Tuesday, July 14, 2009

Programming is like Chess

For a long time I have believed that software development is just like a Chess game, but apparently not many people have thought about it this way, just *bing* it and you'll see less than a page of results (Google is no better), of course this is about to change as I write this post and everybody sees the light... or not

anyway, let me elaborate on my analogy

The bad programmer
Arguably the average programmer, makes a move without thinking about the side effects, his capacity of analyzing problems is not all that great, there are so many side effects (breaking code, introducing bugs, security, etc) but this guy is not even aware of most of them, he basically relies on the debugger and if it runs on his machine then is good to go; when stuff inevitably breaks he just goes back and makes another move that seems to fix the problem, if you give this guy a large project it is likely that he'll make a stupid move that will just cause Checkmate on the project

The good
Analyzes different paths and choses the one he thinks is best, this player can play a good game, every once in a while his analysis is not that through and makes some mistakes but he can learn from that, this guy usually delivers good quality software with few bugs that he can go back and fix quickly enough to be acceptable

The best
This guy can make a whole bunch of moves all in his head, he's informed about all the latest techniques to defeat the opponent but he doesn't just rush and use them in a game, he tries them first on his own little projects and ends up using the ones that he proves to be useful, the ones that are shorter, quicker and give him the best return, he knows the techniques to use with the small projects and the ones to be used with large projects, and he knows they are very different, this guy knows what the opponent is thinking, he knows what the opponent will respond to every one of his moves so he usually chooses the best move... he knows the side effects; the "works on my machine" is not on this guy's vocabulary.

As you can see the the main two differences in my analogy are the capacity of analysis (selecting the move) and the awareness of the side effects (what happens when you make that move).
The opponent is your software project, the move is writing the code, the side effects are everything else that is affected by that.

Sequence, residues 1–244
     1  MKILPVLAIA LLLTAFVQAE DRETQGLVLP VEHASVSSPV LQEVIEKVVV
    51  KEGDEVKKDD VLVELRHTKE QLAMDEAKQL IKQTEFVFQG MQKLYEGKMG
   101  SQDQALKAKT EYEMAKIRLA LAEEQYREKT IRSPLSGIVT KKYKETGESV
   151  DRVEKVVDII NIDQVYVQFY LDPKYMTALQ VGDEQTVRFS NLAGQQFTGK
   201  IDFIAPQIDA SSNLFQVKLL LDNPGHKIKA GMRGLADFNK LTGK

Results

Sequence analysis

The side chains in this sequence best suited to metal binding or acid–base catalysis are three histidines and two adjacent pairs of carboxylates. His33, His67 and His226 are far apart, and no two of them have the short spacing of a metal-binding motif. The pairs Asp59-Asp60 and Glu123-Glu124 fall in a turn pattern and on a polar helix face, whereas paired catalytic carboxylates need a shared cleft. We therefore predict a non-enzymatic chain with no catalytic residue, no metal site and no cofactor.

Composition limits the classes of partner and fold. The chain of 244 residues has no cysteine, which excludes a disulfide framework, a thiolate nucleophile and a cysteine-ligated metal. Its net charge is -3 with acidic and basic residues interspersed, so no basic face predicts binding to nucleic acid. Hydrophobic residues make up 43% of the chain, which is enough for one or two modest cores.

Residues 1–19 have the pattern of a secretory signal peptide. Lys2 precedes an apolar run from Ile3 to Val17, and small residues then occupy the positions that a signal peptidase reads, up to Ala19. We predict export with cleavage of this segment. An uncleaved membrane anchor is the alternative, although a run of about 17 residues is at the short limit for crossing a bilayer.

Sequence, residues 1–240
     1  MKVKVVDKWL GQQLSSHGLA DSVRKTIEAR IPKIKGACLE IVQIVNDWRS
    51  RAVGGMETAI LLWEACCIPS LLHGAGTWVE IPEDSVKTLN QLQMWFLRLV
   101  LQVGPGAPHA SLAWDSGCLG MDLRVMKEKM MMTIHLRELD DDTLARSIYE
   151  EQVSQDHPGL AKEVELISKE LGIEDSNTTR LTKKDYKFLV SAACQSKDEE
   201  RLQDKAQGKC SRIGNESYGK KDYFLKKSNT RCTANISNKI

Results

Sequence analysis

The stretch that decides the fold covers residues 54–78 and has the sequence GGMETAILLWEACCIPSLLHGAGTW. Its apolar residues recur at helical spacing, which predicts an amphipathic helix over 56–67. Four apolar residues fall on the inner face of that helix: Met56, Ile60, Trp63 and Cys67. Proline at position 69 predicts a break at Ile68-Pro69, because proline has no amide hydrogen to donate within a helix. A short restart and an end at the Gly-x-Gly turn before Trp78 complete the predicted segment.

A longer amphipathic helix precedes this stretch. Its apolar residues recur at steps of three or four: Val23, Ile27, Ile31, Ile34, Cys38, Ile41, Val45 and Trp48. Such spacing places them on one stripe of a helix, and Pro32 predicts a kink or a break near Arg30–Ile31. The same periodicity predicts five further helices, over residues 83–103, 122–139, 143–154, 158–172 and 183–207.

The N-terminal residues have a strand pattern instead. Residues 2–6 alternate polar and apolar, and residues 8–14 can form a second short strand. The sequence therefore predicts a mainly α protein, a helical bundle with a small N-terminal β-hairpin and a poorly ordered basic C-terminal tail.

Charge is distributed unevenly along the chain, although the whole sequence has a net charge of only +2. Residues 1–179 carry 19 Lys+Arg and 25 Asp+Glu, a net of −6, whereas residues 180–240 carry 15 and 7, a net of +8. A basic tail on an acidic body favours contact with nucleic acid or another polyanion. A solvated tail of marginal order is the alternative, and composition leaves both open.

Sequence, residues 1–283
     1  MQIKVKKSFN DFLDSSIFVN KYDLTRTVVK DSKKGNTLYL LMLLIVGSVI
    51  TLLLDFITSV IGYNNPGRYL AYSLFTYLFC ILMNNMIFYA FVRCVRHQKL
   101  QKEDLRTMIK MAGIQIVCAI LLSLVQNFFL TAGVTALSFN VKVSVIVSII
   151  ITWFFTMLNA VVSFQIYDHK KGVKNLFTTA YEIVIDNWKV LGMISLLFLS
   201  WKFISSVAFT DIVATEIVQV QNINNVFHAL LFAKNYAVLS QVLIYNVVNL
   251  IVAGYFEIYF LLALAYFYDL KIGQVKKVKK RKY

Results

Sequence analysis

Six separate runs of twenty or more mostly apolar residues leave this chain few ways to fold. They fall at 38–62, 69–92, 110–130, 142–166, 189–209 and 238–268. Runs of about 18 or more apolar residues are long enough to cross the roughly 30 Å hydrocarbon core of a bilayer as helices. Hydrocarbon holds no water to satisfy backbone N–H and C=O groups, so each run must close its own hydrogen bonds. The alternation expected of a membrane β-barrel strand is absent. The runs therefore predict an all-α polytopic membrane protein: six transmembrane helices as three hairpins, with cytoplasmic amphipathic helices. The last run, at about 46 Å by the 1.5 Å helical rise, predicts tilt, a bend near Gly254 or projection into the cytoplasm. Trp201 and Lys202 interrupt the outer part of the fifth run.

When was the last time that you introduced a new bug fixing that other bug or writing some new functionality? or when *they* found bugs of your code right after it went to production? or when it worked on your machine but not on the server?

Every time you make a move, stop and think about the side effects, there are always side effects, if you can't think of them, there are tools that can help you think better, such as Unit Testing, the more you practice it, the better you'll get at it, I promise

6 comments:

Giorgio said...

I agree on the similarity but the programming rules are not written, and it makes the job harder than a game.

Tim said...

I saw a similar analogy in SICP in section 1.2:
"We have now considered the elements of programming: We have used primitive arithmetic operations, we have combined these operations, and we have abstracted these composite operations by defining them as compound procedures. But that is not enough to enable us to say that we know how to program. Our situation is analogous to that of someone who has learned the rules for how the pieces move in chess but knows nothing of typical openings, tactics, or strategy. Like the novice chess player, we don't yet know the common patterns of usage in the domain. We lack the knowledge of which moves are worth making (which procedures are worth defining). We lack the experience to predict the consequences of making a move (executing a procedure)."

I think your observation is a fragment of a larger picture, captured by the above quote, encompassing topics such as IoC, design patterns and testing.

Anonymous said...

Hmm, in those terms, many endeavors are like chess. One that's particularly relevant is finance regulation (and other governmental policies). Hastily making one move that seems right (and popular) can have economic side-effects that ultimately cause things to be worse off...

BlackTigerX said...

Giorgio - Good point, of course I agree, but I did focus on the required capacity of analysis to *play a better game* (be a better programmer)

Tim - I like it, very well articulated, one could sure extend on this analogy

Anonymous - True, having a better capacity of analysis would help in many areas, just like other abilities and methodologies that programmers use

Anonymous said...

Boiled down, you make a laughably obvious point: bad programmers do bad things; great programmers are great. So? Your epiphany here is...?

Anonymous said...

@Anon - You make me ashamed to be anon, anon.

Something I've noticed about novice chess players is how little time they use on the clock because they don't think about the moves (much). I think they become overwhelmed by the sheer number of variations in the game and analyzing them in a general sense. It must be stressful.